Well, there's always the option of seeking a rehearing, and situations like this—where you don't have a full court—is enough to seek a rehearing. We want to try everything possible to make sure that this case can move forward and can one day hopefully result in the implementation of DAPA and expanded DACA.
For now, what does this ruling mean for people who have deportation relief under DACA?
Fortunately, DACA continues to be in existence and people can continue applying for that program. Over 700,000 applicants have already received deportation relief through DACA.
Of course, upon hearing this news, a lot of DACA recipients were concerned because some of them do have parents who could have qualified for DAPA and have friends and fellow activists who could have applied for expanded DACA, so it obviously raised concerns for them—and tears and a lot of sadness—based on the people who I've had conversations with this morning. But, as for their DACA status, that doesn't change. They continue to have DACA, they continue to have work permits.
So there are roughly four million people who won't be able to get work permits now. Does this also mean that they're going to deported?
When the DAPA announcement was made in 2014, there was another announcement that came out at the same time that had to deal with the enforcement priorities set up by the Department of Homeland Security. They classified which groups of people they would prioritize for deportation. We find that the individuals that would have qualified for DAPA don't meet that criteria, so the chances of them being deported are slim. But we still know that some people do find themselves in deportation proceedings, even though they could be DAPA eligible, so that's always a possibility.
Is there a concern that there could be a chilling effect to applying for the initial DACA after hearing about the status of the newer program?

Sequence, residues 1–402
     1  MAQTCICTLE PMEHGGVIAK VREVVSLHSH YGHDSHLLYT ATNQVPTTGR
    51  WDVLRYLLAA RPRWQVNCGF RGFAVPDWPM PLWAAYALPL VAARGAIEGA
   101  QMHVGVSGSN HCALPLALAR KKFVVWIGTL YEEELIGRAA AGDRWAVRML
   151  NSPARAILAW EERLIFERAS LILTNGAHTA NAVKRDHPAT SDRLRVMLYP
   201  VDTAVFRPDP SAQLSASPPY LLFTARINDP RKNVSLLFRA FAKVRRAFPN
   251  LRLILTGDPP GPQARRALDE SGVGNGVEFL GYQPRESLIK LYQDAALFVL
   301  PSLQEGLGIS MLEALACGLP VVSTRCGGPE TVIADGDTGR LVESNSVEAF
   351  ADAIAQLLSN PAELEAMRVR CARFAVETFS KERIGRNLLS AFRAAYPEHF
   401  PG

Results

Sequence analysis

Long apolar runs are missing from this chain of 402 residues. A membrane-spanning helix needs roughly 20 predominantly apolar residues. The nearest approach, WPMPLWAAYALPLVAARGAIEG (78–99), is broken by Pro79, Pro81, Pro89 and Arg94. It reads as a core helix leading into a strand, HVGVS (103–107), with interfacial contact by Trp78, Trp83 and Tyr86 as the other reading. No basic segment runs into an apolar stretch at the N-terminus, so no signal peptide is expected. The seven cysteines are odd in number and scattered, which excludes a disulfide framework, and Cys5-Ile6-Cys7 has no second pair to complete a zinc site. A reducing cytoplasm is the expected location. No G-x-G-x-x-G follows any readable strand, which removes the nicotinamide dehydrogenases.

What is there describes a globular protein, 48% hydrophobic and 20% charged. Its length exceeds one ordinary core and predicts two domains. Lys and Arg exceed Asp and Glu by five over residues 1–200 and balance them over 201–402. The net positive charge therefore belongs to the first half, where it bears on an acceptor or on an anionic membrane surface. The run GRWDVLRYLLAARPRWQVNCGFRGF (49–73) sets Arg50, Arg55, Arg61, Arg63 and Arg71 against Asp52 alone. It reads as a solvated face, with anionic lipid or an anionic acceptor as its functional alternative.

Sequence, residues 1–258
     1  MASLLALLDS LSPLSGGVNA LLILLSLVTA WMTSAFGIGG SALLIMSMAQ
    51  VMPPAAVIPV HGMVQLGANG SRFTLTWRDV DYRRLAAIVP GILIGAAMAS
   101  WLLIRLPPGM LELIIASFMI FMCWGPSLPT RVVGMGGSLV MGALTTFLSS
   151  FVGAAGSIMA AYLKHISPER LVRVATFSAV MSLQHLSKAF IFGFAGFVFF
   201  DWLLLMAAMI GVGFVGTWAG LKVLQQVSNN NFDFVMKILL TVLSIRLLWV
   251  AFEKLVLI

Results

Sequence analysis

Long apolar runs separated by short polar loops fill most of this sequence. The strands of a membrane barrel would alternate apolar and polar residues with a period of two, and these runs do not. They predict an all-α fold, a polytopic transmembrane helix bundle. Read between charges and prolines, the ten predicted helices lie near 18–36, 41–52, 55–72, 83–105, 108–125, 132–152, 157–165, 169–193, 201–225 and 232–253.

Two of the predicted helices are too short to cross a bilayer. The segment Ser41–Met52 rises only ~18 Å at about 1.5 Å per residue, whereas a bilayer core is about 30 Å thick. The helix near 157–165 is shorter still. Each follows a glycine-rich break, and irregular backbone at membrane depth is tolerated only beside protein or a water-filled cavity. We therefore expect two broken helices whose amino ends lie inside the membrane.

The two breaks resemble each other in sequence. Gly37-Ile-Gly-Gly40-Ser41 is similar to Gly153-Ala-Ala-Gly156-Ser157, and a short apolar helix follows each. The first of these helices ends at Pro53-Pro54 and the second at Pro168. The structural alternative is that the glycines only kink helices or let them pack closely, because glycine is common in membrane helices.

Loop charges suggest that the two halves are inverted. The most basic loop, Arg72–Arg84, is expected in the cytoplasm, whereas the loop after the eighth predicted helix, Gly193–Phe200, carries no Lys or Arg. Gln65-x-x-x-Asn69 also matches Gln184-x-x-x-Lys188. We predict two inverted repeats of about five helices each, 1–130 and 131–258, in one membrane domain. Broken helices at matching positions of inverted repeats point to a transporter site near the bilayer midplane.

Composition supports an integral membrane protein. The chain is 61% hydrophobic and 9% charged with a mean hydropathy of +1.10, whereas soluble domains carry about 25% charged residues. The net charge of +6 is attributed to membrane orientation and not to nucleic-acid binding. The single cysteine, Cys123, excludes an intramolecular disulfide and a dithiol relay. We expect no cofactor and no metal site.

I guess only time will tell. We've seen people continue to apply no matter what the political climate is, and we hope people continue to. But we won't know until we see the next round of statistics.
Is this the end of the legal fight over DAPA?
No. The fight definitely continues. Communities have been advocating for programs like these for many, many years and everyone is geared up and ready to continue with that fight.
In addition, there's a lot of brainstorming going on right now—what are the possible next steps, is there any way to have the injunction be narrowed so it only includes, perhaps, the states that are suing, that are in that circuit. So all that is to be determined. But what I do know for a fact is that the fight definitely continues and people are gearing up for it.
Hillary Clinton had talked about expanding DAPA and building upon what already exists. But if the existing program is blocked, what happens now?
Well, even the president was asked, "Do you plan to do anything further for immigrants before you leave office?" and you know, he didn't even know what to say in response, other than he doesn't think that there's anything he can do at the time.
So similarly, we don't know. We heard both [Democratic] candidates [Hillary Clinton and Bernie Sanders] express an interest in expanding deferred action, but all of this is to be determined once the times comes.
And conversely, what could this mean if Donald Trump wins the election?
He has publicly stated that he opposes these programs, so my best guess would be that he would want to eliminate the possibility of DAPA being implemented. I wish I had a crystal ball, but I really don't know.